6. The case of Hanseswar Ghosh v. Rakhal Das Ghose 20 Ind. Cas. 633: 18 C.W.N. 366 is an example of the 1st class of persons not aggrieved as stated above. In it, a person who was originally a creditor but who had ceased to be one at the time, was held not to be a person aggrieved by the action of the Receiver in including his properties in the proclamation of sale of the insolvent's properties, as he was a stranger whose title could not be legally affected by the intended sale.
7. In Thiruvenhatachariar v. Tkangayi Ammal 29 Ind. Cas. 294 : 17 M.L.T. 432 : 39 M.k 479 we have a case where a creditor was allowed to apply to the Court under Section 22 as a person aggrieved against an order of the Receiver varying the terms of the sale proclamation of the insolvent's properties, and to ask the Court to set aside the sale; it was held that as an unsecured creditor she was damnified by the order which, of course, would conclude her if not appealed against Lo the Court.
8. We have now to see what the position of the appellant is in the present case. The order of the lower Court granting a charge on the property to the 1st respondent is clearly one that affects him injuriously, as it will diminish pro tanto the dividend payable to him. It will be conclusive against him if not appealed against both because the Receiver who was a party, represented the body of creditors including himself and because, as stated above, be was himself a party to the order. It has been held in Khushhali Ram v. Bholar Mal 28 Ind. Cas. 573 : 13 A.L.J. 270 that a creditor can apply under Section 36 of the Act and I agree with that ruling. I am, therefore, clearly of opinion that the appellant was entitled to appeal and I overrule the preliminary objection.
9. It was urged that this view would lead to great inconvenience in practice as every creditor may prefer a separate appeal from a single order of the District Judge. I do not apprehend any such inconvenience will really arise, as I imagine the Receiver will ordinarily appeal if there are good grounds. I agree entirely with the observations of my learned brother as to what should be done by the Official Receiver in these matters. If, however, for any reason he does not appeal, I do not see why any creditor should not appeal to safeguard his own interests. If there is more than one appeal in the same matter, the Court can hear them all together, as is not infrequently done in the case of batches of appeals from connected rent suits. I think the objection is not valid.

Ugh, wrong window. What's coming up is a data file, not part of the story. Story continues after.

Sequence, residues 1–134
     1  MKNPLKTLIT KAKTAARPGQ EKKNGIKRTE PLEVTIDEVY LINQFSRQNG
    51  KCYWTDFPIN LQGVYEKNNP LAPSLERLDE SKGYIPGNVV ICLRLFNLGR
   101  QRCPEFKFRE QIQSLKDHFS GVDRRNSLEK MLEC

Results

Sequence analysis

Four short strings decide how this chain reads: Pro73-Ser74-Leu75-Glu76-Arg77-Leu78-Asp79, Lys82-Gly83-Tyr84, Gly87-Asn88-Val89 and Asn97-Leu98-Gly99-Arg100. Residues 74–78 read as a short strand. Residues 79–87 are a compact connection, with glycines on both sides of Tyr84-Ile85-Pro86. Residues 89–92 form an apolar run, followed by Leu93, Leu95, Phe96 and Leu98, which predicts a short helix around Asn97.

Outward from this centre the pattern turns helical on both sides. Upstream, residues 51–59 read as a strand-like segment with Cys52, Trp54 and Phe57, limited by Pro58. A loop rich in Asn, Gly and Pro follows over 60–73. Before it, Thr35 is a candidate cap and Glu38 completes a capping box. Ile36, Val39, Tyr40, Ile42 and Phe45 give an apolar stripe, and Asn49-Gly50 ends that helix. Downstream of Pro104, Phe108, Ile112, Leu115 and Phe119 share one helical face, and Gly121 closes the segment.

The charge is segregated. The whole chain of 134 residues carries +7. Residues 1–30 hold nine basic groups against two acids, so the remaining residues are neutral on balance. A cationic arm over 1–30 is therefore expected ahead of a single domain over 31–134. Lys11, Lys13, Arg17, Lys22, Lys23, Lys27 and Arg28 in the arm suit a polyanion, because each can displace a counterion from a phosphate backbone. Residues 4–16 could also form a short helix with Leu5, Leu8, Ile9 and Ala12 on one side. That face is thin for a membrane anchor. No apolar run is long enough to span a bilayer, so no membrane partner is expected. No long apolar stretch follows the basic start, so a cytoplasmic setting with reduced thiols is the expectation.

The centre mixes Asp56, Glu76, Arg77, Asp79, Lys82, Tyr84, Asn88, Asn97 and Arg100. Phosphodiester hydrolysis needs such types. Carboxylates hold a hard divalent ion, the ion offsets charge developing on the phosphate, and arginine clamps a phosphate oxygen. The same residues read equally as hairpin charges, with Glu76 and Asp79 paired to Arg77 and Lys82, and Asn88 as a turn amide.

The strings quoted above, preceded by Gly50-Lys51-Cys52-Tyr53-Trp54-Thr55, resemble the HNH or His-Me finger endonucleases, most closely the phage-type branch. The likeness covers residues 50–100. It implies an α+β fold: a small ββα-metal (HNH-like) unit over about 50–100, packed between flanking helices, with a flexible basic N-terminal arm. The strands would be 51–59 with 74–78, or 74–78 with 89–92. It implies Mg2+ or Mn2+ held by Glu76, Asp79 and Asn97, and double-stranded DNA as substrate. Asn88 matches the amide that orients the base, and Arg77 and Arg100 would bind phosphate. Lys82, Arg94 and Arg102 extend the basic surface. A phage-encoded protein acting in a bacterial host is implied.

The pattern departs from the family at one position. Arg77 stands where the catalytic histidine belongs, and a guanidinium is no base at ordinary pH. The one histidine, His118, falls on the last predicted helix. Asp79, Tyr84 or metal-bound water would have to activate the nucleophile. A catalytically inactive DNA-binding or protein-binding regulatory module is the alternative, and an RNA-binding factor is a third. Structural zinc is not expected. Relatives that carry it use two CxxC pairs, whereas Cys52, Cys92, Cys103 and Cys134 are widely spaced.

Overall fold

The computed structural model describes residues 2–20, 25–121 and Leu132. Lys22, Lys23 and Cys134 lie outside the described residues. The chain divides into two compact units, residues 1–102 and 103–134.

10. On the merits, this appeal stands on the same footing as Appeal against Order No. 42 of 1915, except that in this case the District Judge relied entirely upon evidence taken by the Receiver. For the reasons stated in my judgment in Appeal against Order No. 42 of 1915 which equally apply to this case, I set aside the order of the District Judge and remand the whole case to him for fresh disposal according to law after taking fresh evidence. Costs of the appellant and of the 1st respondent in the appeal and in the memorandum of objections will abide and follow the result and will be provided for in the final order.
Old field, J.
11. I agree with my learned brother's conclusion in favour of the creditor-appellant's right to appeal and with the order be proposes.
12. In doing so, I think it advisable to guard against the inference that the procedure, allowed by the lower Court, by which that creditor carried on the proceedings before it, was satisfactory. For I think that the Official Receiver misunderstood his duty in restricting himself to reporting to the Court and leaving it to deal with his report and the evidence relevant to it unaided, except by any creditor who might choose to interest himself. The Official Receiver, from the moment at which the insolvent's estate vests in him, represents the body of creditors and ought to protect their interests. If in the exercise of his discretion he thinks it unnecessary to appear to do so, but finds that a particular creditor thinks an appearance necessary, the proper practice is for him to obtain an indemnity from such creditor and to carry on the contest, recovering his costs from him in case of failure. The advisability of this practice is clear for it enables the Official Receiver to retain in his hands the control of the proceedings and prevent their abandonment or their being compromised capriciously or collusively by any one creditor, who interests himself in them, to the pre-judiction of the creditors as a body. The lower Court should, in my opinion, act on these principles in dealing with insolvency work in future, bearing in mind that the work in future, being in mind that the Official Receiver is its Officer, whose proceedings it is its duty to control. It will consider whether it can act on them at the rehearing in the present case.